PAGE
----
Study MMY3003 demonstrated an improvement in PFS in the DRd arm as compared to the Rd arm; the median PFS had not been reached in the DRd arm and was 18.4 months in the Rd arm (HR=0.37; 95% CI: 0.27, 0.52; p<0.0001) representing 63% reduction in the risk of disease progression or death in patients treated with DRd. (See Figure 2.)

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Additional efficacy results from Study MMY3003 are presented in the table as follows. (See Table 2.)

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With an overall median follow-up of 13.5 months, the hazard ratio for Overall Survival (OS) was 0.64 (95% CI: 0.40, 1.01; p=0.0534). The 18-month OS rate was 86% (95% CI: 79.9, 90.5) for patients in the DRd arm versus 76% (95% CI: 79.9, 90.5) in the Rd group.
Combination treatment with bortezomib and dexamethasone: Study MMY3004, an open-label, randomized, active-controlled Phase 3 trial, compared treatment with DARZALEX 16 mg/kg in combination with bortezomib and dexamethasone (DVd), to treatment with bortezomib and dexamethasone (Vd) in patients with multiple myeloma who had received at least one prior therapy. Bortezomib was administered by SC injection or IV infusion at a dose of 1.3 mg/m2 body surface area twice weekly for two weeks (Days 1, 4, 8, and 11) of repeated 21 day (3-week) treatment cycles, for a total of 8 cycles. Dexamethasone was administered orally at a dose of 20 mg on Days 1, 2, 4, 5, 8, 9, 11, and 12 of the 8 bortezomib cycles (80 mg/week for two out of three weeks of each of the bortezomib cycle) or a reduced dose of 20 mg/week for patients >75 years, BMI <18.5, poorly controlled diabetes mellitus or prior intolerance to steroid therapy. On the days of DARZALEX infusion, 20 mg of the dexamethasone dose was administered as a pre-infusion medication. For patients on a reduced dexamethasone dose, the entire 20 mg dose was given as a DARZALEX pre-infusion medication. Bortezomib and dexamethasone were given for 8 three-week cycles in both treatment arms; whereas DARZALEX was given until treatment progression. However, dexamethasone 20 mg was continued as a DARZALEX pre-infusion medication in the DVd arm. Dose adjustments for bortezomib and dexamethasone were applied according to manufacturer's prescribing information.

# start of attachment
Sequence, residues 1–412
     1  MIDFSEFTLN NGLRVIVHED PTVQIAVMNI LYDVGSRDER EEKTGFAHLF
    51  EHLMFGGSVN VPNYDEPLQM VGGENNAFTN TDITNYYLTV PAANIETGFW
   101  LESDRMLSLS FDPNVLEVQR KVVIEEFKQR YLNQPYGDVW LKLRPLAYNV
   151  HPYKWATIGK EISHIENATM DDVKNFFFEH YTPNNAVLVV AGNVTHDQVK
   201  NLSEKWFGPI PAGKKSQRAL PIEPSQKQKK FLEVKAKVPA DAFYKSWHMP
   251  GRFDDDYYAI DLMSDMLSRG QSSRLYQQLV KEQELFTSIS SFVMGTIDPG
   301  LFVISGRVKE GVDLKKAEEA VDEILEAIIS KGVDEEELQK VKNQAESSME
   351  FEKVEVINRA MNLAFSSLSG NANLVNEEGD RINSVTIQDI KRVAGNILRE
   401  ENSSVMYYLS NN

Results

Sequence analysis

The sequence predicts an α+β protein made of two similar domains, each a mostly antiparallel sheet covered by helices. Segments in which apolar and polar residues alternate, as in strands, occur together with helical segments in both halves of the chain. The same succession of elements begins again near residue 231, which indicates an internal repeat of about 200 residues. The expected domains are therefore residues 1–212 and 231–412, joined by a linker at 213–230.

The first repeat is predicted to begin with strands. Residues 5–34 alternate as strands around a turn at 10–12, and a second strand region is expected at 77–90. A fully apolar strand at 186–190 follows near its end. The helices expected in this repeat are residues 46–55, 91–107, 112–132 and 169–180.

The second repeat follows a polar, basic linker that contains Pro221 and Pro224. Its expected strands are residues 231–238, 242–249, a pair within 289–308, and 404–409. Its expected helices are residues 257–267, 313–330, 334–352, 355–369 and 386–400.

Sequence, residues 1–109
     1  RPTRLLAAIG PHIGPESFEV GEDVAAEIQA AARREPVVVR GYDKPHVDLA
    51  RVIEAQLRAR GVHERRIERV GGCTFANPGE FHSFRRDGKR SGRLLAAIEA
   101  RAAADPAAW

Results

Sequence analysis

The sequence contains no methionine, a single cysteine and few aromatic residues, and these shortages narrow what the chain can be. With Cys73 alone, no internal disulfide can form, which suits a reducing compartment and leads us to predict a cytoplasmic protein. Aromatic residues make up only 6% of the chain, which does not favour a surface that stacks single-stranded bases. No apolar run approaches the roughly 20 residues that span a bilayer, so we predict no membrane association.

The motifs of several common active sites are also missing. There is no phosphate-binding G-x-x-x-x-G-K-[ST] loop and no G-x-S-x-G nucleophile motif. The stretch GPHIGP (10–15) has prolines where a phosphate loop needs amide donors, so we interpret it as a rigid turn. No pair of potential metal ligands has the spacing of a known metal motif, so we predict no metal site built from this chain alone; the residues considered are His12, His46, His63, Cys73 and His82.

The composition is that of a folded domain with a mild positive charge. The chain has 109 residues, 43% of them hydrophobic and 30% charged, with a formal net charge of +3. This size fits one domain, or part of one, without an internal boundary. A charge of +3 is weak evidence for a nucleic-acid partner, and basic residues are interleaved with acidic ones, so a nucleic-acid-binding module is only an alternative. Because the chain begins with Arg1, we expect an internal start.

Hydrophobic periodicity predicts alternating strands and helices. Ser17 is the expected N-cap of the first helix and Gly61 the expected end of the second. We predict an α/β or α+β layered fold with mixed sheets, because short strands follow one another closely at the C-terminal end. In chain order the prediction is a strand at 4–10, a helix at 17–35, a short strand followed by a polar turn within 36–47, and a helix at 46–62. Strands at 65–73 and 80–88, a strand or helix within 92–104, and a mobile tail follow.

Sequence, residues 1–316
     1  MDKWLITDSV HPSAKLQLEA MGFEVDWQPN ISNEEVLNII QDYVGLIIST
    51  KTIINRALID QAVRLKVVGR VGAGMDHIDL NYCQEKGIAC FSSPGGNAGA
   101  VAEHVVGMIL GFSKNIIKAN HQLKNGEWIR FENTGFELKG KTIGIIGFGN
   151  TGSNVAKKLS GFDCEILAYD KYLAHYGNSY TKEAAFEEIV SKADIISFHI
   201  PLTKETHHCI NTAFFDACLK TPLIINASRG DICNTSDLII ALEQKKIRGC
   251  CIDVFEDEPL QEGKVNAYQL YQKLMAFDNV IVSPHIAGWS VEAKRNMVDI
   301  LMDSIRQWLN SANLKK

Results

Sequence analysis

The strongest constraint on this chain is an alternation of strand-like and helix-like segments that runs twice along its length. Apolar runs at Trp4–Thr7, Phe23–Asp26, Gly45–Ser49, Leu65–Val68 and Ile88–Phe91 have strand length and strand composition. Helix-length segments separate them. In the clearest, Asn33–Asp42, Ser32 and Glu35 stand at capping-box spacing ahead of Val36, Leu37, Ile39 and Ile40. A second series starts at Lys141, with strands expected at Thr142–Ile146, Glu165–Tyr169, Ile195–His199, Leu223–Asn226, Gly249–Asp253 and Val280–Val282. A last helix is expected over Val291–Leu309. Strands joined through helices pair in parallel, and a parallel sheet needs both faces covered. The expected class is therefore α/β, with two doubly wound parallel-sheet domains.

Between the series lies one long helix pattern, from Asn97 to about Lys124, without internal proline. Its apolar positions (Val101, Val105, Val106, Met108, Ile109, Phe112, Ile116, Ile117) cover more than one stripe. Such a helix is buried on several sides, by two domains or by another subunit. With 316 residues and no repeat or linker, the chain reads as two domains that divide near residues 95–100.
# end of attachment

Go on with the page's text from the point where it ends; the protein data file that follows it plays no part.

A total of 498 patients were randomized; 251 to the DVd arm and 247 to the Vd arm. The baseline demographic and disease characteristics were similar between the DARZALEX and the control arm. The median patient age was 64 years (range 30 to 88 years); 12% were ≥ 75 years, 57% were male; 87% Caucasian, 5% Asian and 4% African American. Patients had received a median of 2 prior lines of therapy and 61% of patients had received prior autologous stem cell transplantation (ASCT). Sixty-nine percent (69%) of patients had received a prior PI (66% received bortezomib) and 76% of patients received an IMiD (42% received lenalidomide). At baseline, 32% of patients were refractory to the last line of treatment and the proportions of patients refractory to any specific prior therapy were well balanced between the treatment groups. Thirty-three percent (33%) of patients were refractory to an IMiD only, and 28% were refractory to lenalidomide. Efficacy was evaluated by PFS based on IMWG criteria.
Study MMY3004 demonstrated an improvement in PFS in the DVd arm as compared to the Vd arm; the median PFS had not been reached in the DVd arm and was 7.2 months in the Vd arm (HR [95% CI]: 0.39 [0.28, 0.53]; p-value < 0.0001), representing a 61% reduction in the risk of disease progression or death for patients treated with DVd versus Vd. (See Figure 3.)

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Additional efficacy results from Study MMY3004 are presented in the table as follows. (See Table 3.)

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Median OS was not reached for either treatment group. With an overall median follow-up of 7.4 months (95% CI: 0.0, 14.9), the hazard ratio for OS was 0.77 (95% CI: 0.47, 1.26; p=0.2975).